That's not to say there aren't some excellent moments during the campaign. The game starts on a wonderfully strange high, with Blazkowicz fighting off a Nazi attack on the Kreisau Circle's U-boat while stuck in a wheelchair. A couple of missions later you're creeping through the wreckage of bombed-out New York, engaging in sniper battles with Nazis clad in radiation suits while Manhattan's twisted skyscrapers loom over you.

Like its cast of characters, Wolfenstein II's level settings are a diverse and colourful lot. Yet after impressing you with a pretty sky-box, the missions have a tendency to devolve into running through expansive concrete bunkers. An example sees Blazkowicz travel to Roswell, New Mexico. The first part of the mission has you exploring a gorgeously rendered town centre in the middle of a parade. The celebration blends American exceptionalism with Nazi regalia. Swastikas adorn the buildings while red, white, and blue confetti flutters through the air and a trio of jets fly over the town. It's a captivating sequence, but the actual mission takes place in a comparatively dreary underground military complex. The New Colossus repeats this mistake several times, even in what is supposed to be its star mission, the equivalent of the first game's Nazi Moon base.

Fortunately, while the levels aren't as inventive as they might initially appear, the shooting itself has improved over The New Order. Blazkowicz's arsenal is more or less the same as the first game, but is bolstered by an expansive upgrade system and a few tweaks. The machinegun, for example, can double as a powerful sniper rifle that is excellent at killing Nazis at mid-to-long range. The throwing-knives, meanwhile have been replaced by throwing hatchets, which make for particularly messy and satisfying stealth kills. All guns can be dual-wielded in any combination, although nothing beats a pair of shotguns upgraded to fire three shells at once for maximum destruction.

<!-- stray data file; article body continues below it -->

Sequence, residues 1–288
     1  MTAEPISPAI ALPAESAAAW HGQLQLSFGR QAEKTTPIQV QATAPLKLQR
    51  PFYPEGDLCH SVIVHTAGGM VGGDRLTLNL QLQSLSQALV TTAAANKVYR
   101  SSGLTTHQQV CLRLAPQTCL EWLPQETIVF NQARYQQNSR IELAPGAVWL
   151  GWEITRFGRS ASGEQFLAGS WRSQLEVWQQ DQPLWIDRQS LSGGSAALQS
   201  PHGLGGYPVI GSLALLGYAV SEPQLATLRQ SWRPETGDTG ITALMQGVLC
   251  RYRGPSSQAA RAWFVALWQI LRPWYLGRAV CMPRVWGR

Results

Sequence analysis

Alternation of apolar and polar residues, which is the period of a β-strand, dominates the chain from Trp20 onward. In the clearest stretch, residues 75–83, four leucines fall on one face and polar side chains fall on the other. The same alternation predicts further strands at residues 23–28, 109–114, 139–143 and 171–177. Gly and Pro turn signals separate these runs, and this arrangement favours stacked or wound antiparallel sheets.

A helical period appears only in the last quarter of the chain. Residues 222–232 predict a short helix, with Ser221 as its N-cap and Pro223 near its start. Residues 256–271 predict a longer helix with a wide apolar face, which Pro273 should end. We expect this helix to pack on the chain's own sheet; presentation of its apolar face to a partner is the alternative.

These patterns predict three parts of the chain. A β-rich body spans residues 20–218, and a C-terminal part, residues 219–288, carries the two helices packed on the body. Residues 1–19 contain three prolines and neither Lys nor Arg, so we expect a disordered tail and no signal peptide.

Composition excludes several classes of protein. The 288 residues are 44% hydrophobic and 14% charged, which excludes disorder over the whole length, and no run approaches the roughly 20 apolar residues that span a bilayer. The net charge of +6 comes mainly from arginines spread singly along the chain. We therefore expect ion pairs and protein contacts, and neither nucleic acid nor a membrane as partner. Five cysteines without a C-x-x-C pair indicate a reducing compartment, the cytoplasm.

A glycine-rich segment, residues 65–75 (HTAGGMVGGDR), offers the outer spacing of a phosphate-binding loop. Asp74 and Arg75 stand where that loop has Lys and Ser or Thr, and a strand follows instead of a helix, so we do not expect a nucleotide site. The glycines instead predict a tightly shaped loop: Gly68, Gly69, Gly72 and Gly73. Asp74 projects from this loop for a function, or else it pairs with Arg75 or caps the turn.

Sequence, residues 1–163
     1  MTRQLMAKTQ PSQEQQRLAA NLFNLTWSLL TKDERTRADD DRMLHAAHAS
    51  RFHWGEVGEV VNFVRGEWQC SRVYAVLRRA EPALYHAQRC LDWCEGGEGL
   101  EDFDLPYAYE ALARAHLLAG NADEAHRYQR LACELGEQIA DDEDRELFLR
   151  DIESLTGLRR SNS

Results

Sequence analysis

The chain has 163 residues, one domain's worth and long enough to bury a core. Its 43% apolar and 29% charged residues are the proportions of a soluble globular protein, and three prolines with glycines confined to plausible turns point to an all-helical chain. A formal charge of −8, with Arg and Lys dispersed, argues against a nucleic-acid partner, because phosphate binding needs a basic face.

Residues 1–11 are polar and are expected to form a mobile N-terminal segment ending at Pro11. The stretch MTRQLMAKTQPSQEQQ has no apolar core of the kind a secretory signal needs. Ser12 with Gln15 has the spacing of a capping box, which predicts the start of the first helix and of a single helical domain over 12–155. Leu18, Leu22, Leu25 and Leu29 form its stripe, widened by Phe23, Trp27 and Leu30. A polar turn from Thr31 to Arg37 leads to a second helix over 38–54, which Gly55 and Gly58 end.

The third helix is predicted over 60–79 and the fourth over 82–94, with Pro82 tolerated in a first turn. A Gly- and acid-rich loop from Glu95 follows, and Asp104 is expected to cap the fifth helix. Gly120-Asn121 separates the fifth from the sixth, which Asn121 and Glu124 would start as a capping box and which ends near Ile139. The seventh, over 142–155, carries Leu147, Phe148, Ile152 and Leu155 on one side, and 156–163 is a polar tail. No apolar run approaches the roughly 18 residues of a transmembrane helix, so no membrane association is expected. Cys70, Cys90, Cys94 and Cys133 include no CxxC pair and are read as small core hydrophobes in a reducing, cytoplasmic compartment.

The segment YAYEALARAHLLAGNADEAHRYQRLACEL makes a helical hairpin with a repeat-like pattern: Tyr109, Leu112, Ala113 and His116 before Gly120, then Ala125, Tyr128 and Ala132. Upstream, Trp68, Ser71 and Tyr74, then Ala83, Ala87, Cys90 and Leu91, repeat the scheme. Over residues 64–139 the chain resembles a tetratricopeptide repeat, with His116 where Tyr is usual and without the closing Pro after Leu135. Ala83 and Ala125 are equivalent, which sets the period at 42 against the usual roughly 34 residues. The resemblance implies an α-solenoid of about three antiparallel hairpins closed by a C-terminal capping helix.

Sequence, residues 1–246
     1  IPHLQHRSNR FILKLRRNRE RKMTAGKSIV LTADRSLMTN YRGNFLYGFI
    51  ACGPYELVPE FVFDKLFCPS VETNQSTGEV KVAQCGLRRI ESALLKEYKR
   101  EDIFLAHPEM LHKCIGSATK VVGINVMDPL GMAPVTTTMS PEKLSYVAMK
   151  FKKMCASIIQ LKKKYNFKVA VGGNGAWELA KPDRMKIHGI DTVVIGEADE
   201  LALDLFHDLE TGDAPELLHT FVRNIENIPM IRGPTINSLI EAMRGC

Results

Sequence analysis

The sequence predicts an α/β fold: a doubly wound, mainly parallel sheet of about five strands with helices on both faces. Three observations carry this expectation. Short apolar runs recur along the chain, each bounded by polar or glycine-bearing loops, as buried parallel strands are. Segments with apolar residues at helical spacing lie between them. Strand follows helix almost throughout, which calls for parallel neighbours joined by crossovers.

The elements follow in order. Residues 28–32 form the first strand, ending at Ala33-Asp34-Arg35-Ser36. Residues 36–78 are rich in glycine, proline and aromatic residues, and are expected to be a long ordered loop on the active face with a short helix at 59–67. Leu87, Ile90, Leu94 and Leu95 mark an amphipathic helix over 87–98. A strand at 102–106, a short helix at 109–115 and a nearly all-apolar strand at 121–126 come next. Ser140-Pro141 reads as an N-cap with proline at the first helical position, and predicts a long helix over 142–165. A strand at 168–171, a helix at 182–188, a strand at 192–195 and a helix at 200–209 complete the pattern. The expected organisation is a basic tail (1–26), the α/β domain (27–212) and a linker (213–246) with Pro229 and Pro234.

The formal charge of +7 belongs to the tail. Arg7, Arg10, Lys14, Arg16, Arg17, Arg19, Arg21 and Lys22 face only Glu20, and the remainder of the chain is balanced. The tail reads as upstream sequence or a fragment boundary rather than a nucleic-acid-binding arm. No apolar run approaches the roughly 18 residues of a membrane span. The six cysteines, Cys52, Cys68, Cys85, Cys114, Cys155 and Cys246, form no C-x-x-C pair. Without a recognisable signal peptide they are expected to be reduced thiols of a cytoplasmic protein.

Enemy designs have been rethought, too. There are far fewer bullet-sponge opponents in the game. Even the heavily armoured SuperSoldaten can't take more than a few blasts from the shotgun before collapsing in a wet pile of armour and flesh. This also means MachineGames can throw more enemies at you in any given firefight, which makes combat both more spectacular and more exciting. Amongst the various species of Nazi scum are a few new enemies, such as T-1000-like robots that can evade your fire with superhuman acrobatics, and floating drones which, in a first for gaming, are not horrible to fight.

At a raw feedback level, the combat is excellent. All the weapons are satisfying to wield, and enemy animations are first-rate. Sadly, the combat rarely gets time to establish a flow. The officer-based stealth system from the previous game is back, where you can seek out and quietly kill enemy officers to minimise enemy numbers. But this system means you either don't get a proper firefight, or the game overwhelms you with enemies. On top of this are regular interruptions for cutscenes, collecting the vast amounts of ammo and armour lying around, and the (admittedly optional) text and audio logs. This results in combat stuttering forward in a way that never lets you get into it, compared to, say, the elegant flow of last year's Doom.

I think The New Colossus struggles to remain within the constraints of a linear shooter. Alongside everything else I've mentioned, The New Colossus also includes a home base that you return to after each mission, where you can talk to characters and occupationally partake in side-missions. On top of that is the new Enigma system that lets you return back to certain areas to track down tough Nazi commandos.

It all smacks of a game that secretly wants to be an RPG or an immersive sim, and I think MachineGames either needs to embrace that wholeheartedly and make a bigger game or trim out some of the narrative or systemic flab to help the gunplay flow better. As it stands, although The New Colossus contains great shooting, its structure does not lend itself to being a great shooter, and while I admire it's ambition, I would quite like it to settle down and let me get on with some good old Nazi killin'.